Brussels Sprout Cabbage Salad & The Kale Project

Today I accept defeat. I accept that against all my searches far and wide, kale is not available in France. I’ve spent months now tracking down health food stores, stopping at every farmer’s market, even seeking out italian grocers in the hopes to find that beautiful leafy green. But nothing. Nada. I would leave empty handed once again. I got so desperate that when I came across some kale growing in a public flower garden in Switzerland a few weeks ago – I almost chopped off a few leaves!

Last week, however, I realized that I am not alone. I stumbled upon The Kale Project one day during one of my kale-france related google searches and found someone who is so passionate about kale, that she has single handedly started a movement to bring kale to France. By introducing local farmers and Parisian restaurants to the vegetable, we will all be enjoying kale again one day soon thanks to her! I was so inspired by what she was doing that I wanted to share with all of you her story, and who knows, maybe someone out there reading this will be able to help her along her journey. I can taste the kale chips now – thank you Kristen!

Choux Frisee (or savoy cabbage) has made is it into my kitchen more times in the last month than it has in my entire life – trying to replace my kale void with its dark green outer leaves I guess. And it has made me realize how little I ate cabbage back home. There was always something greener with a little more curb appeal that made it into basket instead. But living here I’ve concluded cabbage ain’t that bad – who knew? So if kale is available where you are, you can go ahead and use it instead of cabbage, or maybe you don’t – maybe its time to give to give the choux a try, or maybe I’m just jealous that you have the choice.  Enough with all the maybes, enjoy the salad – its a goodie!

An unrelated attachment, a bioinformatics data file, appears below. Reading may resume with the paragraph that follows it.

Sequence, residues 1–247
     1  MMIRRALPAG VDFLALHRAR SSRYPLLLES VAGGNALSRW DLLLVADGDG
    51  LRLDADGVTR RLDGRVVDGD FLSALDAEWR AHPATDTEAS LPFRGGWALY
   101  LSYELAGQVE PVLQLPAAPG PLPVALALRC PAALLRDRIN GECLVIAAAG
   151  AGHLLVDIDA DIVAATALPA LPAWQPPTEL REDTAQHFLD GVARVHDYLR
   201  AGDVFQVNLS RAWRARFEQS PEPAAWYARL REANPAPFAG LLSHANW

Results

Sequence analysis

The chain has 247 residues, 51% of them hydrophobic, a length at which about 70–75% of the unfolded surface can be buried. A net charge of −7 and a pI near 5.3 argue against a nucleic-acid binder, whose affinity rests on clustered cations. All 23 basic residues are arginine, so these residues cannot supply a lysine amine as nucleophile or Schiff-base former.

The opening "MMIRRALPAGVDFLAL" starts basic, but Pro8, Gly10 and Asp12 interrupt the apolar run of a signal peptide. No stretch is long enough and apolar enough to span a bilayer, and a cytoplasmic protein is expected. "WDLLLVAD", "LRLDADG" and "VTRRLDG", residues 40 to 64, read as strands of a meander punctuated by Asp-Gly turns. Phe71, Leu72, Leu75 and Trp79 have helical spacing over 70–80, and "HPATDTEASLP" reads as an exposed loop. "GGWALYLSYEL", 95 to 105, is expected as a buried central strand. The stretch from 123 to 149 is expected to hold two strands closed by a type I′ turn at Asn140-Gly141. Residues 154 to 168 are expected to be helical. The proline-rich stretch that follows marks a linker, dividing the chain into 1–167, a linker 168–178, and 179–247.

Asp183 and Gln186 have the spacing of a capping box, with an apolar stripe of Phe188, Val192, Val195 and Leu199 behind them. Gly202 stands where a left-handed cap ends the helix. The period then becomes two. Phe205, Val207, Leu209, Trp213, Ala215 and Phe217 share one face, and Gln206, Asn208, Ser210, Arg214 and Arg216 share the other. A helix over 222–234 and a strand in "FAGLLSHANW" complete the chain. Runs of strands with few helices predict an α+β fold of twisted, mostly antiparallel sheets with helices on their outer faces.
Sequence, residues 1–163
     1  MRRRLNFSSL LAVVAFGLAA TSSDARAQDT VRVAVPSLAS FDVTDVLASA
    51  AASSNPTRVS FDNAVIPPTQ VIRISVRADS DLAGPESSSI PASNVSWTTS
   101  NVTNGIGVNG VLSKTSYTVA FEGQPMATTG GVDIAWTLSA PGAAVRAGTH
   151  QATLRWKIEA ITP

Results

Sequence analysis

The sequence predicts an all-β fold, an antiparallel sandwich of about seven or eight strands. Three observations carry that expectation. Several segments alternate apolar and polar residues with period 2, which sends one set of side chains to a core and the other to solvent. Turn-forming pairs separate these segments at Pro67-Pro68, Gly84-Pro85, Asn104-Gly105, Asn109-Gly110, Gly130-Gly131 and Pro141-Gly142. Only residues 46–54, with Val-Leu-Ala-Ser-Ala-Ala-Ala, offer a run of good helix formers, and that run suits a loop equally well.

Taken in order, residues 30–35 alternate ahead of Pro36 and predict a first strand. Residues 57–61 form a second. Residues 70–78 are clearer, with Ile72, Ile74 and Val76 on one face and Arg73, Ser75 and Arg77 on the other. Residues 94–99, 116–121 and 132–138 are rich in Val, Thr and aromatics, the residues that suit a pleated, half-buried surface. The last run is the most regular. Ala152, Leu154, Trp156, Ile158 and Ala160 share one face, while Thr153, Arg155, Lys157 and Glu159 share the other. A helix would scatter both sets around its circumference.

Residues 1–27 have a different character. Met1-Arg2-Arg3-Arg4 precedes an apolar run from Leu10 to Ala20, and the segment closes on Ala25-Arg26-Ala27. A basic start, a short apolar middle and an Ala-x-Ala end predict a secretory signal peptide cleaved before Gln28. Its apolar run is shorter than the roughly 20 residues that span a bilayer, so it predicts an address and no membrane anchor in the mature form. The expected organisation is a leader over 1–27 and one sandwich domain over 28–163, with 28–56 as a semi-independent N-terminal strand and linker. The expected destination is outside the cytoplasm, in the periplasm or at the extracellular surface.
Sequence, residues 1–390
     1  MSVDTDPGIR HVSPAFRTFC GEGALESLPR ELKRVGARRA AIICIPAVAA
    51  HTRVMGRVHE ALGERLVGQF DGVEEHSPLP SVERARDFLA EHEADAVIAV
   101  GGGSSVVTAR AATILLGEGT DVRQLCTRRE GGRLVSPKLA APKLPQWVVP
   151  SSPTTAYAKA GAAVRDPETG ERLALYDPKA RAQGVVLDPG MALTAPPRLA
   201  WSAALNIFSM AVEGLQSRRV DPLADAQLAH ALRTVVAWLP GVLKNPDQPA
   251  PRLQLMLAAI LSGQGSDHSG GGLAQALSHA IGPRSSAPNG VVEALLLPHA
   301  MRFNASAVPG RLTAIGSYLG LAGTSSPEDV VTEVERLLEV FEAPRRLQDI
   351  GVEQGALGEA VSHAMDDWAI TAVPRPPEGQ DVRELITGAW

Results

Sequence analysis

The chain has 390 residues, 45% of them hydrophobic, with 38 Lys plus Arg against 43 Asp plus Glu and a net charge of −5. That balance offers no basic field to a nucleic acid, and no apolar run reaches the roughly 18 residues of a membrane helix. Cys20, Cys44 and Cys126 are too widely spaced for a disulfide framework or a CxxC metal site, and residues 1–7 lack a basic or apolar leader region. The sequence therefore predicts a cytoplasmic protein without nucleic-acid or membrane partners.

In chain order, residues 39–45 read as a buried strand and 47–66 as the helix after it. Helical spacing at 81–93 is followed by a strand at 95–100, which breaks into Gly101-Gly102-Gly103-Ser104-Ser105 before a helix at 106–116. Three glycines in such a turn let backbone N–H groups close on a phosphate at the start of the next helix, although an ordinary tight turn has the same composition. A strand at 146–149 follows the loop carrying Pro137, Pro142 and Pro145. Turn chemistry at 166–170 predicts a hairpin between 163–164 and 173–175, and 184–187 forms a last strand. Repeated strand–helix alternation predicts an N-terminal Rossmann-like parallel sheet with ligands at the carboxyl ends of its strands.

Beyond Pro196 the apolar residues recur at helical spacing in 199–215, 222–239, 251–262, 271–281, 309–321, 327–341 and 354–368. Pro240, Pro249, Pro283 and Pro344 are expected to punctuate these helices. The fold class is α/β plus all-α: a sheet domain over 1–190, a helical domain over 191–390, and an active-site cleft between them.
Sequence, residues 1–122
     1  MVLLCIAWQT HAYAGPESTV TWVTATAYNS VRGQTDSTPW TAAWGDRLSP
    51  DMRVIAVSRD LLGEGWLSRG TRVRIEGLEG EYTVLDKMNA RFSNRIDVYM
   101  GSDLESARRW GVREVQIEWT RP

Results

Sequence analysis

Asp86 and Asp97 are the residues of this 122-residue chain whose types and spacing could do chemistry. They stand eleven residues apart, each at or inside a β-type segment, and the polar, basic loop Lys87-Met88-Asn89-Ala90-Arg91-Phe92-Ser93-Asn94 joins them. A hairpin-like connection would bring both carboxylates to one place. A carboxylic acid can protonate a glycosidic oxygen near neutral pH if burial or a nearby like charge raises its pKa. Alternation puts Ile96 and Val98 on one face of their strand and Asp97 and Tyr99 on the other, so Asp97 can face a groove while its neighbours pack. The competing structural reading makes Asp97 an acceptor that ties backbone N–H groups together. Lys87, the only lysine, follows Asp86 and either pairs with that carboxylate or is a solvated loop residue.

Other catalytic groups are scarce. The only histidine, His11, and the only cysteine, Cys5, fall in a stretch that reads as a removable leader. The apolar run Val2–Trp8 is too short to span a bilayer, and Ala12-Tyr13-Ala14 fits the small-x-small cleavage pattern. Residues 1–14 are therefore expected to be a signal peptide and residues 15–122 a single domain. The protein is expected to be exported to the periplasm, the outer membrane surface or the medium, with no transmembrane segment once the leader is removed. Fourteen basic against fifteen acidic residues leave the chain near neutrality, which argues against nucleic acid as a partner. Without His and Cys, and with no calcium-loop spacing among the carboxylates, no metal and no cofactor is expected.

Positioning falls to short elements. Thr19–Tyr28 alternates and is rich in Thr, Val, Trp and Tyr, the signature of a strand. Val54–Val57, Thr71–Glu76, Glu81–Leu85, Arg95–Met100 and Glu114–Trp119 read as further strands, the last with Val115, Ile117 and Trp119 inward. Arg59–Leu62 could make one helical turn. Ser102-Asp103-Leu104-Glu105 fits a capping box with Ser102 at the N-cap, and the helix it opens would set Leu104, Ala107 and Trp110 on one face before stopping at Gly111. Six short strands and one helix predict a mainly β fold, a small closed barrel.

Brussels Sprout Cabbage Salad with Creamy Avocado Dressing
Recipe Adapted from Good Things Grow

Ingredients

  • 2 cups packed of brussels sprout leaves
  • 3 large dark green choux frisee leaves (or kale or both)
  • Seeds from half a pomegranate
  • 1/3 cup of toasted unsalted pistachios
  • 1 ripe avocado
  • Juice of half a small lime
  • Pinch of sea salt
  • 2 tablespoons Olive Oil
What to do
  1. Remove the cabbage leaves from the center stalks and give them a rough chop
  2. Wash and dry the cabbage and brussels sprouts and place in a bowl
  3. Sprinkle with salt and massage the salt in into the leaves with your fingers until they absorb the salt and turn a slightly deeper shade of green
  4. Scoop out half the avocado and mash it together with the lime and olive oil – mix in with the greens so that they are well coated. Cube the other half of the avocado and place in salad. Give the pistachios a rough chop and add them to the bowl as well
  5. Remove the seeds from the pomegranate, everyone has a different favorite way to do this – but I find chopping the fruit in half and then working under water to be the best way with the least amount of clean up. Top the salad off with the seeds and give everything a good toss.

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  • Deb

    No kale in France!? I feel your pain! Salad sounds great though 🙂

  • Ack! No kale! I’ll bring you a case-ful in March… 🙂

    BTW: Dislodging pomegranate seeds: I heard Martha Stewart on PBS, and then I read it in “FOOD”… cut it in half, then turn each half over. Whack skin with a spoon (I used a big wooden one)… the seeds drop out, with increasing speed, as more fall out. It was fast, with none of that stuff to pick off. Anyway, best tip I’ve had in a while. Try it if you haven’t. Just once… Take care, Jody! DW

    • Oh please do! Maybe some seeds for my garden 😉 And thanks for the great tip! I definitely remember seeing that somewhere now that you’ve mentioned it – SO smart! x

  • its so weird thinking that kale are not found in France but now you have found your replacement, kinda sorta 🙂 I love your blog and pics are so beautiful. looking forward to read more.

    • Exactly – the discoveries of living in a different country! Thanks for the kind words 🙂